Hi again, I think I’ll st

#191724
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Hi again,

I think I’ll start at the end of you last post, on firestore.

It’s a great tool, but a spendy tool. On the pro side, you can record up to three hours on it at a time, and it’s fast for dumping onto your PC. On the con side, it costs almost $700 for the cheap model, and about a grand for the fancy model.

I’ve never used them before, but I have used other products by Focus, the company that makes the FireStore. They’re a good company from what I’ve experienced. Yeah, you’ll never have to buy another MiniDV tape again, but if you buy three cameras and put one on each of these, you’d have to buy about 1300 tapes before you broke even.

Besides, letting the video dump in realtime gives you the chance to review it right before you edit.

The other option is to buy a super laptop for editing, and plug the camera directly into it and record live. That’s all the Firestore is.

They have nothing. No cameras. No computer. No lights. Zip. This is from the ground up.

Do they have any sound equipment? Mic’s, cables, anything? Some of that might reduce your need to buy more equipment.

We will be filming all kinds of things… Weddings? Maybe… kids plays, musicals, services, all that kind of stuff will probably get filmed at some point… I’m sure I’ll be asked to make videos of anything and everything, but the #1 function is to film original productions. I would rather spend more here though to get the right camera… I also can envision a few years down the road trying to setup a 3 camera shoot for webcasting the services. I’d like to buy a camera that I can use in that setup when the time comes.

The GL-2 is actually capable of this. If you plan on someday getting a switcher, you’ll need to buy MA-300’s for each GL-2 to convert your composite video into a bnc style connector, but aside from that, you’d be set.

Seriously, if you are sold on Canon, I would say get a couple GL-2’s for now. They’re not bad. They don’t work as well under low lighting as the Sony VX-2100, but since your primary purpose is production of short clips, that’s not a problem. And then next year, you can buy an XL-2, which would be a good camera for what you need.

Does the XL1 & XL2 have XLR inputs to where I can just plug mics right in?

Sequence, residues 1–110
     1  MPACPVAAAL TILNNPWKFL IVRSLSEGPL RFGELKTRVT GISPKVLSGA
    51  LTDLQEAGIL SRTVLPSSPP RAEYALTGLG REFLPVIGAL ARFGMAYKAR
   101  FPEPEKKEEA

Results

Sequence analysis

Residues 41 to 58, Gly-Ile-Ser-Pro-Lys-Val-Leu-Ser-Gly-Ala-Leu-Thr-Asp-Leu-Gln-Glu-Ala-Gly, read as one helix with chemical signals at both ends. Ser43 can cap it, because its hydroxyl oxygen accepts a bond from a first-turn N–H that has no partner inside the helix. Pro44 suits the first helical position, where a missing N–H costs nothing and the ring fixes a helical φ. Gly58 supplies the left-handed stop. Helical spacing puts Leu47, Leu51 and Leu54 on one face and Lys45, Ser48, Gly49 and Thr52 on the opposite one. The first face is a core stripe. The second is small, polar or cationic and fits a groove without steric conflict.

Something to know about the XL-1 is that it’s an old model, and is being phased out by Canon in favor of the XL-2. That being said, the only prosumer camera Canon produces with built-in XLR jacks is the XL-2. But that camera costs 1/3 of your total budget. Hold off on buying it til next year’s budget.

(Re: Bogen 503 vs. Boge 516) How much are we talking here for this?

For the 503, you’re talking 275 bucks. The 516 is about $550. Sticks will run anyplace from $200-$600 for a fair set. The 521 controller is usually about $190.

Any brands you recommend here? We’ll need this to be portable… we won’t really have a "studio" to film in. Everythign will be done on location.

I don’t really have any one brand I use or love. The lights I currently use are a Frankenstein’ed collection form who knows how many light kits. I almost never use them, because I mostly do events where lighting is a bad idea, like weddings.

Lapel mics are going to have to be a reality for us at first, because we just won’t have the crew or manpower / know-how to start using shotguns right off the bat. I could see us moving to that in the future.

Honestly, for the cost of it, you’d probably be better off buying a nice shotgun mic and paying somebody $8/hr to hold it than to go wireless for productions. The price difference is huge.

But if you do want to go wireless, Shure has a series specifically for videography. You can see them at their website. I have a set of Azden ULT200 mics I use from time to time. They’re okay, but because they’re not true diversity, they drop out every now and again. Not often, but it happens.

Really, for most of this stuff, you can either get great quality that’s not the most convenient, or you can get acceptable quality that’s far more convienient, and carries a price tag to prove it.

I got started in a big church that had a TON of equipment. Seriously, if they liquidated their entire AV department, they would easily make over a million dollars. They actually were rated as the second best editing suite in Omaha. Believe me when I say, coming from that background, it’s easy for me to want to buy the top of the line stuff, but the reality is that like you, when I started this business I had a budget, and as much as I wanted to get the pretty toys, I’ve had to put that off to get the sensible stuff for now. But hopefully soon, the toys, they will be mine πŸ˜‰

I’m interested to see how this all turns out. Keep us informed!

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